Up to this point importers have been able to replace “non-sporting” features like higher capacity magazines, folding stocks and pistol-grips with more traditionally sporting style options. They have also simply removed superfluous items such as compensators, barrel shrouds and bayonet lugs.
Under the guidelines set forth in the ATF “study,” such cosmetic changes will no longer suffice. Importers will have to prove that these guns are actually, commonly used for sports ATF recognizes. The very popular 3-Gun and tactical shotgun competitions of the U.S. Practical Shooting Association, International Defensive Pistol Association and International Practical Shooting Confederation are specifically mentioned in the ATF study and dismissed as not being recognized sports because previous ATF rifle and handgun importability studies have not recognized these sports as sports. So preferred equipment for these very popular and rapidly growing international sports will be blocked from importation because ATF has not previously recognized them as sports, and they are not going to recognize them now because they have not previously recognized them. It is the logic of a merry-go-round.
Some have suggested that a simple solution to the problem is to just manufacture clones of the non-importable, non-sporting shotguns right here in the good old USA. Unfortunately there is more to the story. The Gun Control Act prohibits importation of any shotgun with the exception of those which the attorney general determines to be “particularly suitable for sporting purposes.” But the 1968 Gun Control Act is not the only place in federal law that applies the “sporting purposes” test. The National Firearms Act uses almost identical language when it declares that any firearm with a bore diameter of greater than .5 inches (a 12 gauge shotgun bore is about .73 inches) is a “destructive device,” except for those shotguns that the attorney general determines to be particularly suitable for sporting purposes.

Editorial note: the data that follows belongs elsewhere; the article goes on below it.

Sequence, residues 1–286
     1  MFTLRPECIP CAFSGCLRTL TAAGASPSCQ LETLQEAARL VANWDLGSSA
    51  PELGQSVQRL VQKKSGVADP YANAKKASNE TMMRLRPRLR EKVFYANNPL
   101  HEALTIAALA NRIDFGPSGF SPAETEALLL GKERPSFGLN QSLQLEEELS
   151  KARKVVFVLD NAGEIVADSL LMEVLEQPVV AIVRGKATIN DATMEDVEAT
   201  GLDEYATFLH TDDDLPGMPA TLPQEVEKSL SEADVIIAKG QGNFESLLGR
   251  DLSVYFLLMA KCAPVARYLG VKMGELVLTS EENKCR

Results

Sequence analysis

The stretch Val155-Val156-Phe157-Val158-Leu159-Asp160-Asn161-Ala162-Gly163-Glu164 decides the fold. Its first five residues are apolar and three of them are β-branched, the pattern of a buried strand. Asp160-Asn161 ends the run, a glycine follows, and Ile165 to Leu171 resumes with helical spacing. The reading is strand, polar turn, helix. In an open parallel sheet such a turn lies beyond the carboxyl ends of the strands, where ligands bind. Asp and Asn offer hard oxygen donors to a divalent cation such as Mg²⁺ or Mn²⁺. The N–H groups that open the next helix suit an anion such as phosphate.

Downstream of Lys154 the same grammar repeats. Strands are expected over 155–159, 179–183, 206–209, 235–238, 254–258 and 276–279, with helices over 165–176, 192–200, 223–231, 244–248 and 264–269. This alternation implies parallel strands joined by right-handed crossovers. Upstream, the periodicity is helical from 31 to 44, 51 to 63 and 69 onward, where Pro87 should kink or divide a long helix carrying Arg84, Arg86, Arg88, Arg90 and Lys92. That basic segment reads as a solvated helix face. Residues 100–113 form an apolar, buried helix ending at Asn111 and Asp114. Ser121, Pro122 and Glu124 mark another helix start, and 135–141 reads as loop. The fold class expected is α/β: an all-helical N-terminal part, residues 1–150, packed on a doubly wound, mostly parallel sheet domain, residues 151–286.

Obama’s “under the radar” assault on the Second Amendment is underway. One seemingly minor change in enforcement lays the groundwork for bans not just on importation, but also eventually on sale and possession, of several popular shotgun styles. And it is all taking place virtually undetected and unopposed because, as Obama himself has stated, it is “under the radar.” The compliant media and even major gun-rights groups apparently have their radar turned off.